In the end, Emmanuel Negedu found a school willing to let him play basketball. Whether the school should have given him that chance is another matter entirely.
After suffering a cardiac arrest during a workout at Tennessee's football practice facility last November, Tennessee officials told Negedu that they wouldn't clear him to play for the school again, but would allow him to finish his scholarship if he wanted to remain at the school. (Negedu was cleared by Tennessee's doctors, but the athletics department wouldn't acquiesce.) Negedu wanted to play basketball, though, so he took his hopes elsewhere -- most notably Indiana, where doctors again cleared him before university officials stepped in and ended the flirtation.
After all that, Negedu landed at Steve Alford's New Mexico program, and he seems pretty happy about it:
"Coach (Steve) Alford told me he had already talked to the legal department there to get that cleared, and I just had to see the cardiologist,'' said the 6-foot-7, 220-pound Negedu, who visited New Mexico earlier this week. "That went well, so I got my dream back. I'm happy and I'm excited.'
“There will always be a place in my heart for Tennessee no matter where I go, and I would love to stay here but this is working out for me to follow my dream and do what I do best. I know they will understand, and I give them my love.’’
There are some conflicting issues here. The first is that Negedu is by all accounts an unusually intelligent and well-liked guy, that he will be sincerely missed on Tennessee's campus, that his talk of dreams isn't just boilerplate, that he really wants this and is determined to do it. In a way, it's good to see him getting a chance to do that, and you can't help but wish the guy the best of luck as he goes about rebuilding his basketball future.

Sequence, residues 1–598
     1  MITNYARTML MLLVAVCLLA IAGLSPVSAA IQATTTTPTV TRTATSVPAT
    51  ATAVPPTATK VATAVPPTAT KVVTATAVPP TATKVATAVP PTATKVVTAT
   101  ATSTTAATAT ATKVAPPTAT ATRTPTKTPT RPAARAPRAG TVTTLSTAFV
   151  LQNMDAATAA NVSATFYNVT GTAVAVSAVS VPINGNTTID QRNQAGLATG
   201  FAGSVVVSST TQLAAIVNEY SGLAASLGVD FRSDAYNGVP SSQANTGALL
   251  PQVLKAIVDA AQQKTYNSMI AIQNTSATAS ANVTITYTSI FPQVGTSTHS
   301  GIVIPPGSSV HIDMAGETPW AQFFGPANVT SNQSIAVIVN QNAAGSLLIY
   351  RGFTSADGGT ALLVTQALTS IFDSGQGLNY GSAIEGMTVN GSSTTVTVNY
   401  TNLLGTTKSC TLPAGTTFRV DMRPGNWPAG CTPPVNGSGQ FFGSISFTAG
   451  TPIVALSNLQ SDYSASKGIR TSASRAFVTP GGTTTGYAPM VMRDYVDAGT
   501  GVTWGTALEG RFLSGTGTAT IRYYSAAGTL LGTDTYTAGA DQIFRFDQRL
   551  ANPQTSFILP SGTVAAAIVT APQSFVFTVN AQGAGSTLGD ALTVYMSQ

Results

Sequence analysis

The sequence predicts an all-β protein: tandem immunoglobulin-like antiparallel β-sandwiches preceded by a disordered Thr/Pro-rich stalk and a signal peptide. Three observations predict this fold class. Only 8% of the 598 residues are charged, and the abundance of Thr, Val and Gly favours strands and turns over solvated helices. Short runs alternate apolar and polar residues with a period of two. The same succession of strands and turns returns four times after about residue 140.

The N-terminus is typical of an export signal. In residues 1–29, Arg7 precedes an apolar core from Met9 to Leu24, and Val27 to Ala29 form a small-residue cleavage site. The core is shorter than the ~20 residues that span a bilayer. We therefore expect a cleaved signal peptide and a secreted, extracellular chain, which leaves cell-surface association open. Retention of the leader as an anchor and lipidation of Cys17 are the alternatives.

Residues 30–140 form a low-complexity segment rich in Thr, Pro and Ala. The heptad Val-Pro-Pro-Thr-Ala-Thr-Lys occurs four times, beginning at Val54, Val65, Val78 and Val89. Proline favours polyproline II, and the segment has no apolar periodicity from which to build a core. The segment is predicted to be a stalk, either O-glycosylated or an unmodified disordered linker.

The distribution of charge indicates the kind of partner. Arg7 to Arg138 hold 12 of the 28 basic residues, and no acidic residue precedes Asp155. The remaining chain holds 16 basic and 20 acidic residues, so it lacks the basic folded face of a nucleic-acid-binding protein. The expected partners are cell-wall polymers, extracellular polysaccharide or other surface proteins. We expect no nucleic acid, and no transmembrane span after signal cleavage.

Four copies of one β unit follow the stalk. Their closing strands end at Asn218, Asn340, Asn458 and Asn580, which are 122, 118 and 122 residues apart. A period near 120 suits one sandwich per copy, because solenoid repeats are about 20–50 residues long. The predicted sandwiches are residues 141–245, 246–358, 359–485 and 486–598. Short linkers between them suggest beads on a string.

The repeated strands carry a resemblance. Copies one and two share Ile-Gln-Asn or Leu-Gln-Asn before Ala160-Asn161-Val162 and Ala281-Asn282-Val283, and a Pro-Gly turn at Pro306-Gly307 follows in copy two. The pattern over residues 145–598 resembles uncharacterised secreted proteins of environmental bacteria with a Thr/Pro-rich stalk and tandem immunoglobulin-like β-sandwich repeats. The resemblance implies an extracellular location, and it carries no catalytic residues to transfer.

The problem here is that Negedu's heart stopped. There was a decent chance, had Tennessee medical staff not reacted so quickly, that Negedu would have breathed his last breath in November. Now Negedu has a defibrillator a few inches below his chest plate, a stopgap against an unregulated heartbeat. Saying it literally doesn't make it any less unbelievable, when you really think about it. He has a machine in his body to make sure his heart works properly. See what I mean?
Maybe Negedu can play basketball with minimal worry -- it is possible to participate in athletic activity with a defibrillator -- but do you really want yours to be the school that plays that delicate risk-reward game? Indiana looked desperate in its willingness to entertain the idea. In taking Negedu on, Steve Alford looks something altogether worse: reckless.
Negedu will suit up this fall, his basketball career beginning again. Let's hope his heart cooperates. If it doesn't, New Mexico -- one school that couldn't say no to Emmanuel Negedu, risks be damned -- will, for better or worse, look uncomfortably responsible.